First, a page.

At the AFR, monetary curmudgeon Stephen Grneville is making sense:
Rating agency Standard and Poors has just issued its usual finger-wagging warning to Australia about the dangers of budget deficits.
…The issue of the moment, however, is what to do about an economy which is performing well enough, but growing just a little too slowly to get unemployment down to its full-employment level, or to push inflation up to the RBA target.
Foreign lenders will compare Australia’s record of growth with these underperforming Europeans, and will judge us an excellent credit risk.
Budget policy is, in fact, one cause of our slow growth.
…the Prime Minister wants us to continue budget austerity, running surpluses to pay down our debt, which is tiny by comparison with government debt in OECD countries and trivial when compared with the household debt levels which average Australians now regard as normal. Government debt currently pays the lowest interest rate in living memory.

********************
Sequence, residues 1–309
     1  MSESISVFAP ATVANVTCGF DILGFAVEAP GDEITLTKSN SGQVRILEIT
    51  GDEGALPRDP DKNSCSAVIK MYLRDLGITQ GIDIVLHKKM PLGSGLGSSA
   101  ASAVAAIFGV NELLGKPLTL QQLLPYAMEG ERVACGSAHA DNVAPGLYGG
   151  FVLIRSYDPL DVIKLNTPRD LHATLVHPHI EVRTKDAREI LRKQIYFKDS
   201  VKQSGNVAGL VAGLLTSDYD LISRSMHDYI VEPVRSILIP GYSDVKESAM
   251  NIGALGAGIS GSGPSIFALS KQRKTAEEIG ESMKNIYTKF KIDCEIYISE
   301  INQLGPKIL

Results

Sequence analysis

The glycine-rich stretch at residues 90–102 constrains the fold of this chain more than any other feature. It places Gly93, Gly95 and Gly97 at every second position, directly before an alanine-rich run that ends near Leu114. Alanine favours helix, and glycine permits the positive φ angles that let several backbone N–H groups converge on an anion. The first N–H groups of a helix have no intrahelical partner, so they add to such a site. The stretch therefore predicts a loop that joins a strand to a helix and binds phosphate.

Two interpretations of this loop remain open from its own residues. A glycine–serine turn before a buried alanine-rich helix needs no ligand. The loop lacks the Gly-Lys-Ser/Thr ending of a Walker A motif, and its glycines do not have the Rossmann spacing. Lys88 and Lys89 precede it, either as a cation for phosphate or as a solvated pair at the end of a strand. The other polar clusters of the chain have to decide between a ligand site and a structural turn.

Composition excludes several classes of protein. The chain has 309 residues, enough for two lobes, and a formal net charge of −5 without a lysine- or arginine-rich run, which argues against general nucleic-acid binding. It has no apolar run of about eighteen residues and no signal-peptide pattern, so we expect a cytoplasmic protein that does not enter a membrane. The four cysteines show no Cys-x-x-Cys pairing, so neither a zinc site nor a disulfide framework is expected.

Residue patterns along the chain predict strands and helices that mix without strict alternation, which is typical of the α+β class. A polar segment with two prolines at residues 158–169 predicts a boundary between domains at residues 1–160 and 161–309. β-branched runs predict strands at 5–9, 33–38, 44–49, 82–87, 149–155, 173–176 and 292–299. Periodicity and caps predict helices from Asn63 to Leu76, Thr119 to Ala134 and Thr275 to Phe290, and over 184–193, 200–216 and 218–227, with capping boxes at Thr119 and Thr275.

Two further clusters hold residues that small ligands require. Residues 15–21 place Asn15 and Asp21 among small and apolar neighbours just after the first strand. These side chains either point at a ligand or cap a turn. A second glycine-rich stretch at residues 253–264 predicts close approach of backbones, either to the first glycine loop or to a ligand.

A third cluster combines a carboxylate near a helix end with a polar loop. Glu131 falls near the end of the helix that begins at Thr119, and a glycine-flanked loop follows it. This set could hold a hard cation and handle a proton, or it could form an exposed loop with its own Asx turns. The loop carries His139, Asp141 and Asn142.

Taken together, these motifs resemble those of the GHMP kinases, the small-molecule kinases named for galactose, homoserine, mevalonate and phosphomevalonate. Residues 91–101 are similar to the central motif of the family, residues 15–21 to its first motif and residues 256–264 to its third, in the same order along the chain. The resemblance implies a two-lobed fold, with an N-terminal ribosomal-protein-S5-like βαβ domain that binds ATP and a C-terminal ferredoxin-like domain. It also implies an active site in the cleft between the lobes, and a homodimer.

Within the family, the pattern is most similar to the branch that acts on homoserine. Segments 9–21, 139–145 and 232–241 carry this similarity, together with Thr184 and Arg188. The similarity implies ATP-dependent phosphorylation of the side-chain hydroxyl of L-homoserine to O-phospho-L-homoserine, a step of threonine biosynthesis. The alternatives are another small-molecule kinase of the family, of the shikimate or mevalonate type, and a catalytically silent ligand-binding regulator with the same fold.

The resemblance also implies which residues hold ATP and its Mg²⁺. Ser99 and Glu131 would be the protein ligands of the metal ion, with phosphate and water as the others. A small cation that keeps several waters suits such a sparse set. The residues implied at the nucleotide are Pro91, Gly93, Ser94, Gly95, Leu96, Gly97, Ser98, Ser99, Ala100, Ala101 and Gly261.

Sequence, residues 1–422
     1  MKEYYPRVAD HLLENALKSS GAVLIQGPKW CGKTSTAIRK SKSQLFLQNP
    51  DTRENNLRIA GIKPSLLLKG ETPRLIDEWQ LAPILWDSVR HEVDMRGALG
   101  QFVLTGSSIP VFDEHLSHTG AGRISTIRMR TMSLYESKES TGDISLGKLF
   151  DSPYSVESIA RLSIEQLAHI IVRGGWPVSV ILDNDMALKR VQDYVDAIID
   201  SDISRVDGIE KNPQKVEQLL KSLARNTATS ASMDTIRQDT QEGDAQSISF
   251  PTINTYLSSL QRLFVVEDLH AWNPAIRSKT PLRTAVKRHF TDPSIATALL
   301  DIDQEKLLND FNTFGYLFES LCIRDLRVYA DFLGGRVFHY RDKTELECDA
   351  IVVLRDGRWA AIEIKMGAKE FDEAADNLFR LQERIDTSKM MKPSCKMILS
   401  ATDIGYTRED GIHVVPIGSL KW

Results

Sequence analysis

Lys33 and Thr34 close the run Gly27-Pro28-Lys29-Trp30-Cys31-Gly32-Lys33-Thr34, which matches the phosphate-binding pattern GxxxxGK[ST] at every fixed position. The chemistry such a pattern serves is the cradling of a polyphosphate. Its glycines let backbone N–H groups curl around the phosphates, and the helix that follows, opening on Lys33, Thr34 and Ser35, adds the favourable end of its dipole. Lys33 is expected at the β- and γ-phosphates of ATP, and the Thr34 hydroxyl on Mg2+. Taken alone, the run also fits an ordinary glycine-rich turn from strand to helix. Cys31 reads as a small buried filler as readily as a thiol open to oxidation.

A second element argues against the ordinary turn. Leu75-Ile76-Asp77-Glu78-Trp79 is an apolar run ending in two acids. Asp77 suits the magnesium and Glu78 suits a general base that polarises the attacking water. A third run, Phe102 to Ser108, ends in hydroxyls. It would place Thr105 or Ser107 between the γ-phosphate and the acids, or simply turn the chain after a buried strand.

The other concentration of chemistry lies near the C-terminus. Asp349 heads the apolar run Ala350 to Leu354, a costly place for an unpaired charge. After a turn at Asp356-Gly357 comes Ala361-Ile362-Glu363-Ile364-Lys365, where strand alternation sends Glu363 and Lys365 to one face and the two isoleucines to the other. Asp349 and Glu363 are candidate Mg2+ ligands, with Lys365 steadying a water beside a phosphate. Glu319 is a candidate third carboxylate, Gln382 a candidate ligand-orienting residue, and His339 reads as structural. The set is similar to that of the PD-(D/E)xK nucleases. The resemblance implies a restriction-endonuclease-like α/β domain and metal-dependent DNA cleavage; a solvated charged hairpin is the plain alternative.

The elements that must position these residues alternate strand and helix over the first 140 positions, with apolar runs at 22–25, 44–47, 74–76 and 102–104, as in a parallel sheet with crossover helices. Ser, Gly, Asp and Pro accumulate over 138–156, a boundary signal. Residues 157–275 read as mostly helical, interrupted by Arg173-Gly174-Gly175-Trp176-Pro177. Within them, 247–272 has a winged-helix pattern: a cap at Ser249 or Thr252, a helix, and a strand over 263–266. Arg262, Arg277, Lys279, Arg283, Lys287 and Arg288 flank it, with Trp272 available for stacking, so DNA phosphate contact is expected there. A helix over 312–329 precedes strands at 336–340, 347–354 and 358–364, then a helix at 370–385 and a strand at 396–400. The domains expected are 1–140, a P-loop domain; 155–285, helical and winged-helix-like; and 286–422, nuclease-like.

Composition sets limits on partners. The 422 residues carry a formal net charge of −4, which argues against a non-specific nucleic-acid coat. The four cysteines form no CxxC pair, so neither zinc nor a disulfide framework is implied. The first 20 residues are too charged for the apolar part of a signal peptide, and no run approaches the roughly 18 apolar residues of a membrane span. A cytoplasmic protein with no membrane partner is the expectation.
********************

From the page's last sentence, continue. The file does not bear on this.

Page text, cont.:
Quite right. If we are downgraded then it will make a meaningless difference to budget funding costs as far as the eye can see.
Of course, it will also lift bank borrowing costs a little as they are downgraded as well but that’s not going to do us much harm with interest rates where they are, either. The RBA has more cuts coming and QE in the kit bag anyway.
Without fiscal investment, Aussie growth will remain near stall speed, unemployment climb and the Government engineered house price recovery stall as well.
The surplus is pure politcal vanity and should be dumped.
He is also a former gold trader and economic commentator at The Sydney Morning Herald, The Age, the ABC and Business Spectator. He is the co-author of The Great Crash of 2008 with Ross Garnaut and was the editor of the second Garnaut Climate Change Review.
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